Nothing in the record supports the master’s award of attorney’s fees for the motion for sanctions, which Hardaway lost.  Hardaway’s attorney’s did not obtain beneficial results from this particular motion, and nothing in the master’s order supports the reasonableness of this fee.  Accordingly, we find the master erred in awarding $5,377.50 in attorney’s fees for the lost sanctions motion.  The attorney’s fees award shall be reduced by that amount.

4.  Fees for Repreparing for Trial

Hall contends that Hardaway’s fees for repreparing for trial were not recoverable.  We disagree.

We find no error in awarding attorney’s fees for repreparing for trial.  The trial occurred approximately two months after it was to originally begin, not simply a few days.  This court finds it reasonable that counsel would need to refresh himself pending such a period of time.

5.  Fees Limited to Evidence Presented at Trial

Hall maintains that the attorney’s fees should have been limited to evidence presented at trial and the affidavit submitted after trial should not have been considered.  We disagree.

Hall alleges Hardaway should be limited to the $35,762.17, the amount specified in its damages summary as its attorney’s fees and costs “estimated through trial.”  However, on January 5, 2006, when the master reopened the matter to hold a hearing to determine attorney’s fees, Hardaway’s attorney submitted an affidavit stating that Hardaway incurred fees of $53,592.56 including attorney’s fees of $5,377.50 for the motion for sanctions.  The additional hearing on attorney’s fees was not anticipated in the original estimation of attorney’s fees.  The revised estimate for attorney’s fees included many charges for services after the trial, including researching and preparing the order.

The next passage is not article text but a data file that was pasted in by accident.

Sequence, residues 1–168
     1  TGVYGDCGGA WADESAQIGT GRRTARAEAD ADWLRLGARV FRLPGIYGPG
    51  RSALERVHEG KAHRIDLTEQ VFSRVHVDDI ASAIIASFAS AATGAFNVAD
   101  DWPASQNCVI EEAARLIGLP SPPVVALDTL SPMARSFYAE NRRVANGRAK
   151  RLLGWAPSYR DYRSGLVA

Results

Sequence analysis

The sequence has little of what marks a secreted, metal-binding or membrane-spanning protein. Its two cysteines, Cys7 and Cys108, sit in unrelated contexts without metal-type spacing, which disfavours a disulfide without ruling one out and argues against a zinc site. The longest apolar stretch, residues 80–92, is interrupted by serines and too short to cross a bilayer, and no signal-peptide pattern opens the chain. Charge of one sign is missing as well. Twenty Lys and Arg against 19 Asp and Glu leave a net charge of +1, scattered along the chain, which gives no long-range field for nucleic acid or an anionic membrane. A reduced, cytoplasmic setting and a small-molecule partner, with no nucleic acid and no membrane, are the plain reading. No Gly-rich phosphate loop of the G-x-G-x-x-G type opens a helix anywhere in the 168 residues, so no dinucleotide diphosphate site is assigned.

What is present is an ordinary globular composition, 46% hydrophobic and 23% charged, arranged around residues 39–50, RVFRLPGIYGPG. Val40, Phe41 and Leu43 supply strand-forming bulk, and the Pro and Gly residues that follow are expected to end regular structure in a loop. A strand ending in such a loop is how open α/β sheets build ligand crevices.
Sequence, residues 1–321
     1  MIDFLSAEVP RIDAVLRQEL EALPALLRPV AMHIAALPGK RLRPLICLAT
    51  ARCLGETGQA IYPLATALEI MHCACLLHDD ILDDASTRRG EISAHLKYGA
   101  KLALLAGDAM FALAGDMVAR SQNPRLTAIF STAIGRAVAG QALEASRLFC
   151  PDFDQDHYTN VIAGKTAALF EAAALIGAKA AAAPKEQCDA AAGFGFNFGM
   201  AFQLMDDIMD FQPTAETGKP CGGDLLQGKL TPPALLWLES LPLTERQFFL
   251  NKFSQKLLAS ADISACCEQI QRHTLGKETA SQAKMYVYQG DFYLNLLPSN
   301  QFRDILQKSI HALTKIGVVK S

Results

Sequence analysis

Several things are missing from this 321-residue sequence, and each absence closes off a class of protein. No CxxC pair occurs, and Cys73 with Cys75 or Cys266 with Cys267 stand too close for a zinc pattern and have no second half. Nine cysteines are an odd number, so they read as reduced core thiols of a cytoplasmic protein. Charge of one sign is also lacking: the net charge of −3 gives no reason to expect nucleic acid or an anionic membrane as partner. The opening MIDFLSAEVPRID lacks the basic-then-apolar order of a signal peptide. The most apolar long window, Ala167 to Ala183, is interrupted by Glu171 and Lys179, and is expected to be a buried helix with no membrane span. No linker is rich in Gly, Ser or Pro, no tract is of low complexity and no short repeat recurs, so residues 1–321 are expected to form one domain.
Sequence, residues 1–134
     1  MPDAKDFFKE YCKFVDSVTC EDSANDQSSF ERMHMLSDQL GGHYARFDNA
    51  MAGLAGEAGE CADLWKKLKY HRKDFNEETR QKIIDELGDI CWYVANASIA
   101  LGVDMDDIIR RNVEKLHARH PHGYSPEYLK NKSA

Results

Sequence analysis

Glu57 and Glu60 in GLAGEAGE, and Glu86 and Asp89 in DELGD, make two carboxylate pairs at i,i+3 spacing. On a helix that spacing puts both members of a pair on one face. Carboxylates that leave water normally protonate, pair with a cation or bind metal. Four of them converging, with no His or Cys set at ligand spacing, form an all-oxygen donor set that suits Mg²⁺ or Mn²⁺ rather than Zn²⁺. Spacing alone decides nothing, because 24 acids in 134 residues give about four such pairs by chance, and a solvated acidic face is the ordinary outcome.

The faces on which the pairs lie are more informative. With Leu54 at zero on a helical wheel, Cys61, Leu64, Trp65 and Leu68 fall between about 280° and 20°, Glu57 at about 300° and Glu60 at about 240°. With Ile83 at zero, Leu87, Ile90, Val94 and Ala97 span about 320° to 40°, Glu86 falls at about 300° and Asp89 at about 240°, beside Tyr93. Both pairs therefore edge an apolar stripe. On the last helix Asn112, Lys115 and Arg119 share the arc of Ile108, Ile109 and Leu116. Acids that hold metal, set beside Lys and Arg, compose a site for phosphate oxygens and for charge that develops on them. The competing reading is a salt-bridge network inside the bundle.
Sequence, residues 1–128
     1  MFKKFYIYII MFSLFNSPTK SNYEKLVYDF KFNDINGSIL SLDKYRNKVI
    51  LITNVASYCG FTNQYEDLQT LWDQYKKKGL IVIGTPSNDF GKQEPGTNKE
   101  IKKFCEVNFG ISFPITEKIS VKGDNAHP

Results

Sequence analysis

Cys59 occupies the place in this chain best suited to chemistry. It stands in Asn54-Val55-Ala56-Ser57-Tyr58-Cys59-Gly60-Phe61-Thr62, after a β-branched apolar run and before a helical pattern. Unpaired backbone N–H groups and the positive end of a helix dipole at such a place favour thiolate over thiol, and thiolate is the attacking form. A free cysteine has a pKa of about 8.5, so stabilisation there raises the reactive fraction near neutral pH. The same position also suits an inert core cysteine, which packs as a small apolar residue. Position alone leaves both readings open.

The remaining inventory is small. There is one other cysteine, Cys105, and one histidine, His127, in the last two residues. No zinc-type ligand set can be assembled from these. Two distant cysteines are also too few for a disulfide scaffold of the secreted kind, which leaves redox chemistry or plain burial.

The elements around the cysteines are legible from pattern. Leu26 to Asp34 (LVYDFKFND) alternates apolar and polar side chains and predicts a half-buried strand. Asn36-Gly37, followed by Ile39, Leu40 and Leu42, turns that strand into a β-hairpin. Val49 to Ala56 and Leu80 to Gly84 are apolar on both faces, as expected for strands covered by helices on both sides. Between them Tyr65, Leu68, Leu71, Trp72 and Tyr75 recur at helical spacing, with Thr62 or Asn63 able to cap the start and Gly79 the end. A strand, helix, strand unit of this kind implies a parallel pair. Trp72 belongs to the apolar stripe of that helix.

“A judge may not, after all testimony has been taken, receive additional contested evidence without reopening the case.”  Johnson v. Johnson, 288 S.C. 270, 274, 341 S.E.2d 811, 814 (Ct. App. 1986).  However, in the case at hand, the case was already re-opened to hold a hearing on attorney’s fees.  Hall had the opportunity to contest the affidavit and did.  Although the charges were presented after the trial, we find it appropriate in the current situation to allow them.

6.  Non-Attorney Services

Hall complains that $125 in charges allowed to Hardaway were unrecoverable.  Specifically, Hall complains about the time spent:  (1) copying depositions; (2) reorganizing case file; (3) faxing documents; (4) picking up attorneys and the owner of Hardaway; and (5) printing orders.[4]  We disagree.

Initially, we address Hardaway’s contention that because these charges were for the services of law clerk, “drs,” Hall is arguing that all charges billed by law clerks are not allowed as attorney’s fees.  However, Hall only complains about five specific charges by “drs” and does not challenge any of the other charges by “drs.”  Thus, it does not appear that Hall is arguing that law clerk charges, in general, are unrecoverable as attorney’s fees, and we decline to address this question.